Lightweight: It’s lighter than the rolling dolly cart style stands.

Easy Setup: Unfold the legs for the table within seconds. They lock into space easily.

Adjustable Roller Height: We like that you can raise the rollers to prevent sag for longer lengths of wood.

Low Working Height: We don’t like that it only stands at 29′ high, compared to 36′ for the BORA PM-4000. If you’re tall, you won’t be happy.

7. Makita WST06

Quick Review: While Makita had the right idea about adding wheels to their sawhorse, the wheels are far too close together, compromising stability.

While we typically are fans of Makita [4], we’re sorry to say Dewalt has one over them when it comes to miter saw mounds. Nontheless, it’s still a sturdy sawhorse for a workshop.

Like the Toughbuilt TB-S550 (reviewed above), this Makita WST06 sawhorse can be wheeled when folded up. But Toughbuilt wins this contest in our view. The wheels for the Makita are very close together, giving it less stability when rolling.

The support extensions are also a little shorter than many competitors, coming in at just over 100″. On one end you have a roller support and on the other end a flat support. The flat support can be converted into a stop block for making repeat cuts at the same length. When the support extensions are extended, they’re a little more wobbly than you’d hope, but for most base models (with the exception of the Dewalt DWX724), you’ll have this same issue.

It also comes in at a typical weight for the sawhorse styles at just under 35 pounds.

Overall, this is probably your baseline choice for a miter saw stand.

Check out this video review if you want a visual overview:

Why This One

Keep in Mind

Rolls when Packed Down: It’s a good idea that you can roll it when it’s packed, and even leave the miter saw on it. But the execution isn’t great because the wheels are too close together for stability.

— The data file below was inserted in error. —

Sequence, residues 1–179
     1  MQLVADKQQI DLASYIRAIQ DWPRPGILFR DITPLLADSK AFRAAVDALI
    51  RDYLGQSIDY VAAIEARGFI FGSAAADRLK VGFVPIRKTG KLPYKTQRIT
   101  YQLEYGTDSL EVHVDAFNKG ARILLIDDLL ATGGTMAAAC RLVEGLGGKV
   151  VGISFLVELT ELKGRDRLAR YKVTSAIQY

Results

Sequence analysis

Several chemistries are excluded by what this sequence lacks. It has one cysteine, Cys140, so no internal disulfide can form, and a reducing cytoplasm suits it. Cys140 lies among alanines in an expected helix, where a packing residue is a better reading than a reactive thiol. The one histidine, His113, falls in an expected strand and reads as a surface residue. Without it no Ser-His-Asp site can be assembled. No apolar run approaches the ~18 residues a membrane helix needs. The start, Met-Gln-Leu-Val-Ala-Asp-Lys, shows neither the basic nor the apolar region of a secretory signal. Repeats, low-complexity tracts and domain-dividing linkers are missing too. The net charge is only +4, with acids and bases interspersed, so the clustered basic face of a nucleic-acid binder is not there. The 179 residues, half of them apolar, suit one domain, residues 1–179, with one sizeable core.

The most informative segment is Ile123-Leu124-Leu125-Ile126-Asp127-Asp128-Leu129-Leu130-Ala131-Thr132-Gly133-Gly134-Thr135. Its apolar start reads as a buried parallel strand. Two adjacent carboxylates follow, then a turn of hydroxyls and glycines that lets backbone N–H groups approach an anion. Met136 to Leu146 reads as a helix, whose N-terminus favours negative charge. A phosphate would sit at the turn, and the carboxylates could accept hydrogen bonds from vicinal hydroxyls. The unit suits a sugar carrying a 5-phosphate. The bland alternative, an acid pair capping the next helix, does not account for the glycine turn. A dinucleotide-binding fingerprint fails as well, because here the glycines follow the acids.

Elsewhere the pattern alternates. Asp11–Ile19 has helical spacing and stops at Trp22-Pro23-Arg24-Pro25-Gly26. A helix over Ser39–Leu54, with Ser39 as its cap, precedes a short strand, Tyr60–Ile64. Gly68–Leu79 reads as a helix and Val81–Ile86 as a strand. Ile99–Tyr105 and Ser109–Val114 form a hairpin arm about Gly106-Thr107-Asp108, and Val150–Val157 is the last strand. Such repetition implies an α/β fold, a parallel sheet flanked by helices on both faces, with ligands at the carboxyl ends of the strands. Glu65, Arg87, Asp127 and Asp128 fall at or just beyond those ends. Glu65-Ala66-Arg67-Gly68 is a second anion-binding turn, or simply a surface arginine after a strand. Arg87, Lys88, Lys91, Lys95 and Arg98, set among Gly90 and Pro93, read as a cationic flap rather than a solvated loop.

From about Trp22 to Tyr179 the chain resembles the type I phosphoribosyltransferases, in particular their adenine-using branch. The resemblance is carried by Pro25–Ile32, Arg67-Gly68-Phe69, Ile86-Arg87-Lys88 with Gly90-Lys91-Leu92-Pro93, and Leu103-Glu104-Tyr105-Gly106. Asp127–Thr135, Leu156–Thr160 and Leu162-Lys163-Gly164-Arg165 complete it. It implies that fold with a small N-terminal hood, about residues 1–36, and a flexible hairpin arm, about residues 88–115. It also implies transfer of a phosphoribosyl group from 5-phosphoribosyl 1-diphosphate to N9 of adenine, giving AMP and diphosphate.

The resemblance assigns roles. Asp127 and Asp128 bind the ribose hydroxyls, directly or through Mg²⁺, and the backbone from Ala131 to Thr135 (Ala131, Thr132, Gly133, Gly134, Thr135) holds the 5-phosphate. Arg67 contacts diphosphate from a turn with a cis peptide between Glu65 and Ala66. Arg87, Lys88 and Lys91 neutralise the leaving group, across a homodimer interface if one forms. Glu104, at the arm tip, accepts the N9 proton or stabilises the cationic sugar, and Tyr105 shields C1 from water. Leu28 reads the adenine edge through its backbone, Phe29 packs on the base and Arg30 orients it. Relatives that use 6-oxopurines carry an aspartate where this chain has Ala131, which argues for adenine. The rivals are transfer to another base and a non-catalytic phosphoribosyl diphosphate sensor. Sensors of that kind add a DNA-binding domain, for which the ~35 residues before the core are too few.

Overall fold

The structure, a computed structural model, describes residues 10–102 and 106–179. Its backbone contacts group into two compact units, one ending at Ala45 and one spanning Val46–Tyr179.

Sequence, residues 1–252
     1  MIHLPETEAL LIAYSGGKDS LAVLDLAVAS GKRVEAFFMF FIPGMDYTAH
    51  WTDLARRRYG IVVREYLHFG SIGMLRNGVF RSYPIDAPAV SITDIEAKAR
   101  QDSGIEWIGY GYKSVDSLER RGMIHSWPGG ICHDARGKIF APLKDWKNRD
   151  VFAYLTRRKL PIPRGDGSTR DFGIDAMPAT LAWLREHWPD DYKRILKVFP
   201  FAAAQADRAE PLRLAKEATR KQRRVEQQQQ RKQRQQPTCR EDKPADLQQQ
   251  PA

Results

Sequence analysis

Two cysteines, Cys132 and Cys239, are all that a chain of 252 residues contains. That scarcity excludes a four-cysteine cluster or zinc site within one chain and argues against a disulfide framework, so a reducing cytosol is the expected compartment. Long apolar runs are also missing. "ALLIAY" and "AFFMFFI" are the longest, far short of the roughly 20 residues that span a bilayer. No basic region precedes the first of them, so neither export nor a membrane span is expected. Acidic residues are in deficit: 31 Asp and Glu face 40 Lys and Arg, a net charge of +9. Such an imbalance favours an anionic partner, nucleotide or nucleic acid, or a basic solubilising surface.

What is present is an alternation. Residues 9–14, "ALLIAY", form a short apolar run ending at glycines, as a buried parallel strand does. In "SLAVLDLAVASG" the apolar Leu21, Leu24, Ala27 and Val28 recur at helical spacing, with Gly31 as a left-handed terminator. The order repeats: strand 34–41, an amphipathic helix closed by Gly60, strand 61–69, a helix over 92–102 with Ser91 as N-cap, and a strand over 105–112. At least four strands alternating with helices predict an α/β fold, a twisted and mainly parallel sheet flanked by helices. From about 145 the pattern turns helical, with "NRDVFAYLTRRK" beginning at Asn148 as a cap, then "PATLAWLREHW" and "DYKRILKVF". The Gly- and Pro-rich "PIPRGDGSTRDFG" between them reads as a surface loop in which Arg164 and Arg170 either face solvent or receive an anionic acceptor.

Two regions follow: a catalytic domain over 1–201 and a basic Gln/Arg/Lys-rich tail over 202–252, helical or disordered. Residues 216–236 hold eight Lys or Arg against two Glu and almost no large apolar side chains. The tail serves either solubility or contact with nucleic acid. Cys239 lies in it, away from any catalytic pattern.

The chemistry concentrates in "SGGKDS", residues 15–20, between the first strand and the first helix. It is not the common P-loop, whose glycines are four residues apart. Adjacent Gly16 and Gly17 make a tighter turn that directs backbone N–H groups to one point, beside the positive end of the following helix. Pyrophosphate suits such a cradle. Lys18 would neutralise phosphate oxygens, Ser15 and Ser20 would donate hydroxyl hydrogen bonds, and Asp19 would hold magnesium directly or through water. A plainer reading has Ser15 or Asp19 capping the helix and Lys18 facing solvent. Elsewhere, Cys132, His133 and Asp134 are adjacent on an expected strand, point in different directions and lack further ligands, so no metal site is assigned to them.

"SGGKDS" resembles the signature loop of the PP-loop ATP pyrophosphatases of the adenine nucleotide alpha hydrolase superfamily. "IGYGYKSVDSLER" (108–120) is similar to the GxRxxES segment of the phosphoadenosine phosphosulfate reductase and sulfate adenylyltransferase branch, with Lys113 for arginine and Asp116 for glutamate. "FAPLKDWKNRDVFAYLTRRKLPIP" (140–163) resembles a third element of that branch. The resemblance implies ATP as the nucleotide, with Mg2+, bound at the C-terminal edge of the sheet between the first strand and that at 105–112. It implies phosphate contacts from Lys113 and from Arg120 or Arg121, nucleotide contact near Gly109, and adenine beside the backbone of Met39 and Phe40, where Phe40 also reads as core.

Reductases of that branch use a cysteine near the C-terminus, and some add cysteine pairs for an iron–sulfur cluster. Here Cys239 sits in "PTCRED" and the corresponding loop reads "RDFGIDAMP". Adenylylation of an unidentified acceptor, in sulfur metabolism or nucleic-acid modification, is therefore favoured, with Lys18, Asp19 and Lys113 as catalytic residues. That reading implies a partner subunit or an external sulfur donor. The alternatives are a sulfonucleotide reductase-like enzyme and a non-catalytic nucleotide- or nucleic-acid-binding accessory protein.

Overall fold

Roller and Block Stop: We like that you can use it for both a roller and a block stop for maximum versatility.

We Don’t Like the Wheels: The wheels are far too close together for stability on this. Furthermore, they’re plastic rather than rubber, the bumps don’t get absorbed too well. 

Nothing Outstanding: Overall we get the ‘it’ll do the just but is just about the baseline’ vibe from this one.

What to Look for in a Miter Saw Stand

It’s Got to Be Portable – Dolly vs Sawhorse

There are two main types of saw stands. You can either get a dolly style stand which sits on wheels, or a  sawhorse style. The sawhorse style is more lightweight with aluminum construction, but requires you to carry it to and from the job site. You will also find you will be adding and removing your saw from the sawhorse models more often. Meanwhile, the dolly style is heavier, but also tends to have durable wheels so you won’t be carrying it much except to get it in and out of your truck. We like that with the dolly style saw stands you usually just keep the saw on them permanently, and they’re designed so you can fold them up with the saw still attached.

Adjustable Height Material Supports

The material supports are the extendable wings on a saw table that hold boards when you’re working on long cuts. They’re usually rollers. You’re going to want to adjust the height of these supports when you get the saw table so it’s flush with the miter saw you attach.

One of the biggest issues with material supports is that they tend to sag the further out they are from the table itself. One way to manage this is to ensure you get a saw horse with adjustable height material supports, so the sag can be offset by adjustable heights.

Rollers and End Stops

Material supports usually come as rollers or end stops. There are others which are rounded like rollers but do not roll, and these are fine, too. We personally like to have end stops on ours which are useful for repeat precision cuts so you have duplicate lengths, which is a common requirement.

Quick Release Universal Mounting Bracket

One concern you may have is that your saw won’t fit a different brand of saw table. Fortunately, this concern is offset by the use of a quick release universal mounting bracket. These brackets come with most saw stands. You attached the brackets to the miter saw, and then you can quickly clip the bracket itself to the stand. They usually also have a function to allow you to un-clip the bracket and slide the saw up and down the stand, then clip it again to secure it in place. 

Stability and Build Quality

Stability is possibly the biggest differentiating factor for the above saw stands. In particular, keep your eye on how much give there is on the extension arms and material supports. If they have too much give, the cut lengths won’t be as precise as you’d like. The Dewalt products tend to fare the best when it comes to stability and build quality.

Final Thoughts

Our pick for the best miter saw stand is the Bosch T4B Gravity-Rise. It’s a high quality, durable, and very well built dolly style stand. It’s the best for both portability and storage. If you want to go for a cheaper sawhorse style, go for the BORA Portamate PM-4000 or Dewalt DWX724. Beware that as you move down the price scale, quality drops fast.

We hope this review has been helpful!

Founder of the Shed & Yard Website.